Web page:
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COVID-19 can pass between people up to THREE FEET even with a mask

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Covid-19 can pass between people up to THREE FEET apart even when they are wearing a mask as repeated coughing reduces their efficiency

  • Researchers created a computer model to simulate saliva flowing from a cough 
  • They found that even with a mask droplets of saliva can still escape the mouth
  • As people cough into the mask it becomes even less effective and lets out more
  • They say this makes keeping the 6ft social distancing rule in place more vital
  • Here’s how to help people impacted by Covid-19

Coronavirus is able to pass between two people standing just three feet apart even if one of them is wearing a surgical grade face mask, a new study warns.  

Researchers from the University of Nicosia in Cyprus also found that masks became even less efficient when people repeatedly cough into them.  

Scientists say the findings are ‘alarming’ – and underline the importance of keeping the 6ft distancing rule in place – even when masks are worn.

It comes as the Prime Minister, Boris Johnson, is under increasing pressure from industry, particularly the hospitality trade, to relax the distancing guidelines.  

Scientists say the findings are'alarming' - and underline the importance of keeping the 6ft distancing rule in place - even when masks are worn

Scientists say the findings are ‘alarming’ – and underline the importance of keeping the 6ft distancing rule in place – even when masks are worn 

Co-author Professor Dimitris Drikakis, of the University of Nicosia said a mask alone cannot prevent the transport of saliva droplets completely.

‘Many droplets penetrate the mask shield and some saliva droplet disease-carrier particles can travel more than 1.2 metres (4ft),’ he said – although most travel under 1 metre (3ft). 

Face masks are believed to slow the spread of the pandemic but little is known about how well they work or under what conditions they won’t work.

The study, published in Physics of Fluids, found face masks can reduce transmission of airborne droplets – but not eliminate them completely.

Without a mask these droplets travel twice as far – so wearing one will help in reducing the risk of passing on the deadly disease.

However, repeated coughing, a symptom of coronavirus, reduces the efficiency of a mask and so more droplets are let through. 

Previous work by the same team showed droplets of saliva can travel 18 feet in five seconds when an unmasked person coughs.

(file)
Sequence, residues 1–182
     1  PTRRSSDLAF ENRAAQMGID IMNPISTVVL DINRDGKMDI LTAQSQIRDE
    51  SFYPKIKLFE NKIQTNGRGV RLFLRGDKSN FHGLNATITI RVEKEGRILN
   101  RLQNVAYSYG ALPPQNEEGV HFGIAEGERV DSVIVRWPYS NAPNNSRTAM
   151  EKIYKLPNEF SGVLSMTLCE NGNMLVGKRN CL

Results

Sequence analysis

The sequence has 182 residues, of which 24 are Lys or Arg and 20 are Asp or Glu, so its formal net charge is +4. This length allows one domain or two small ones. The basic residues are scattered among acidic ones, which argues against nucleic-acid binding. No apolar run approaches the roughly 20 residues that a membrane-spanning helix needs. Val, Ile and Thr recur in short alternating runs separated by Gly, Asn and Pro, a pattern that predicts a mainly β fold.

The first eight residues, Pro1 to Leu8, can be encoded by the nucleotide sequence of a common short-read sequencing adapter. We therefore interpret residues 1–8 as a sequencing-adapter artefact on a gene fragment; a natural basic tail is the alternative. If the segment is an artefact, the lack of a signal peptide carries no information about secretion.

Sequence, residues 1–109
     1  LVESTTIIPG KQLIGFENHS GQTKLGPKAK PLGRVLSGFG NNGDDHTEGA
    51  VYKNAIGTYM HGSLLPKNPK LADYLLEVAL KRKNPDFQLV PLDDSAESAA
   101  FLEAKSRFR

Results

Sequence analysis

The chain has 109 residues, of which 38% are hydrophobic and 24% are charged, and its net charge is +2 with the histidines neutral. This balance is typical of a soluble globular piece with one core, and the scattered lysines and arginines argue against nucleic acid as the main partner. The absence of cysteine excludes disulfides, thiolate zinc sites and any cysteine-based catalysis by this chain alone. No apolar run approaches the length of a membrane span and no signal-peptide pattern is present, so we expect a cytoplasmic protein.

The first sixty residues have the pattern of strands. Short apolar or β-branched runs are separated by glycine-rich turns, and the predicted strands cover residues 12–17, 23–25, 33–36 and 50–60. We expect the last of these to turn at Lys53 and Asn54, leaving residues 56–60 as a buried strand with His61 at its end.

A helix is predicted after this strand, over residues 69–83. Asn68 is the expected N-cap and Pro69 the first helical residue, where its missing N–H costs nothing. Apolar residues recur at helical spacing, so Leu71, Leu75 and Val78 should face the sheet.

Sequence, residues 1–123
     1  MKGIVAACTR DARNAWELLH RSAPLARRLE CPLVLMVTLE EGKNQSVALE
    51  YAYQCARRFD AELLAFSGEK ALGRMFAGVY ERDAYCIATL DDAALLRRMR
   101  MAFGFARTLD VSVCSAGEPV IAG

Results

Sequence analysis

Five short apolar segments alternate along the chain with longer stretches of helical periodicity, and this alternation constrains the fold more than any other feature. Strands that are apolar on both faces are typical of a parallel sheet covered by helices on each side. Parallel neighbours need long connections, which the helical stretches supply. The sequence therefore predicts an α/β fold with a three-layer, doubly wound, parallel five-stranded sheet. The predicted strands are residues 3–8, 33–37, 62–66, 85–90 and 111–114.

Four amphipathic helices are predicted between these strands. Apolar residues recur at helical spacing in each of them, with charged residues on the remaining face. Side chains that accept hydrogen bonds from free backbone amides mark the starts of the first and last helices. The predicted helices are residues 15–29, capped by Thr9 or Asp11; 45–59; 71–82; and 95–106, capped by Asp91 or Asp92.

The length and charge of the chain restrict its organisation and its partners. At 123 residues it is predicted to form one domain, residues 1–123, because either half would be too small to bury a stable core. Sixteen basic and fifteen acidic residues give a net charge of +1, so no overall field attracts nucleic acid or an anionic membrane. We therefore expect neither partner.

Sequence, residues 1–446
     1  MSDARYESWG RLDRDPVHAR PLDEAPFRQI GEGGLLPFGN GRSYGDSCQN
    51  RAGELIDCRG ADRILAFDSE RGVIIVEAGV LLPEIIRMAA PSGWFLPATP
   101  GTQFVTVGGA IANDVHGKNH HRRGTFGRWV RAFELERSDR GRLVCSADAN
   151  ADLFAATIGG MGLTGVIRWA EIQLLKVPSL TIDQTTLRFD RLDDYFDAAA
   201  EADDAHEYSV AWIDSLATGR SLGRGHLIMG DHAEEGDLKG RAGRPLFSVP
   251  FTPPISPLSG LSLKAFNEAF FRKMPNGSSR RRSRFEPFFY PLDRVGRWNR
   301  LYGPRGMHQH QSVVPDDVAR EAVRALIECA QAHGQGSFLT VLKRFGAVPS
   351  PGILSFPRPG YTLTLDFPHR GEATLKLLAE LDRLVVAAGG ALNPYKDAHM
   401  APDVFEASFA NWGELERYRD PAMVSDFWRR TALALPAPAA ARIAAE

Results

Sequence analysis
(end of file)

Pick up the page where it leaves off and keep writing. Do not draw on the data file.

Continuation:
This time they used a precise computer model to map out their expected flow patterns when a mask-wearing person coughs. 

They took into account potential weather conditions, air turbulence and even the skin and mouth temperature of the person coughing.   

The researchers performed numerical simulations that account for droplet interactions with the porous filter in a surgical mask. 

‘The results are alarming. Even when a mask is worn, some droplets can travel a considerable distance during periods of mild coughing,’ the authors wrote.

The tests were based on a standard surgical mask exhibiting initial efficiency of about 91 per cent when preventing droplets from escaping.

For visualisation purposes, the droplets were scaled up by a factor of 600 compared to their actual size – making them easier to track. 

‘The droplet sizes change and fluctuate continuously during cough cycles as a result of several interactions with the mask and face,’ said Drikakis.

Co-author Dr Talib Dbouk said masks decrease the droplet accumulation during repeated cough cycles – effectively they get worse at stopping droplets escaping.

Researchers from the University of Nicosia in Cyprus also found that masks became even less efficient when people repeatedly cough into them

Researchers from the University of Nicosia in Cyprus also found that masks became even less efficient when people repeatedly cough into them

‘However, it remains unclear whether large droplets or small ones are more infectious,’ the co-author said.

They advised health care workers to wear much more complete PPE (personal protective equipment) when caring for a patient.

This should including helmets with built-in air filters, face shields, disposable gowns and double sets of gloves – changed regularly.

The researchers also urged manufacturers and regulatory authorities to consider new criteria for assessing mask performance that account for flow physics and cough dynamics.

Their earlier study published in the same journal in May found keeping 6ft apart may not be enough to protect against coronavirus.

Droplets carrying the potentially deadly bug can travel 18 feet in five seconds – even in the slightest of breezes.

Saliva is a complex fluid. It becomes suspended in a bulk of surrounding air when released by a cough.

The study has been published in the journal Physics of Fluids.



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